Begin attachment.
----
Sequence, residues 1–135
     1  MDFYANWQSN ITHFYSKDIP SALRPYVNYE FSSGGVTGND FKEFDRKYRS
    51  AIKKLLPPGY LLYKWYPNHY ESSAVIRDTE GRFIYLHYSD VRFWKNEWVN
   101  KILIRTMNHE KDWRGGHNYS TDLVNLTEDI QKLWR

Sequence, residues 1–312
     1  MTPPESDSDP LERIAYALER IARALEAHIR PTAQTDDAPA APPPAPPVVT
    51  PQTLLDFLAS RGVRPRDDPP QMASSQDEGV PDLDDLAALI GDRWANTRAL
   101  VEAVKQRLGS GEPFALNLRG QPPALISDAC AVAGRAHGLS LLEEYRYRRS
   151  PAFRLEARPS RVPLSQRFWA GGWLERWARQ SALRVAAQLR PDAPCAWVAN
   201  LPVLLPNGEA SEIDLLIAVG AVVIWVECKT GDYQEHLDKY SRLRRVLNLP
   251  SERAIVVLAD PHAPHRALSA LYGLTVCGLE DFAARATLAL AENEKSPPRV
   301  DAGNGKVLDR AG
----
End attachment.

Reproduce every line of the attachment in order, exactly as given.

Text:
Sequence, residues 1–135
     1  MDFYANWQSN ITHFYSKDIP SALRPYVNYE FSSGGVTGND FKEFDRKYRS
    51  AIKKLLPPGY LLYKWYPNHY ESSAVIRDTE GRFIYLHYSD VRFWKNEWVN
   101  KILIRTMNHE KDWRGGHNYS TDLVNLTEDI QKLWR

Sequence, residues 1–312
     1  MTPPESDSDP LERIAYALER IARALEAHIR PTAQTDDAPA APPPAPPVVT
    51  PQTLLDFLAS RGVRPRDDPP QMASSQDEGV PDLDDLAALI GDRWANTRAL
   101  VEAVKQRLGS GEPFALNLRG QPPALISDAC AVAGRAHGLS LLEEYRYRRS
   151  PAFRLEARPS RVPLSQRFWA GGWLERWARQ SALRVAAQLR PDAPCAWVAN
   201  LPVLLPNGEA SEIDLLIAVG AVVIWVECKT GDYQEHLDKY SRLRRVLNLP
   251  SERAIVVLAD PHAPHRALSA LYGLTVCGLE DFAARATLAL AENEKSPPRV
   301  DAGNGKVLDR AG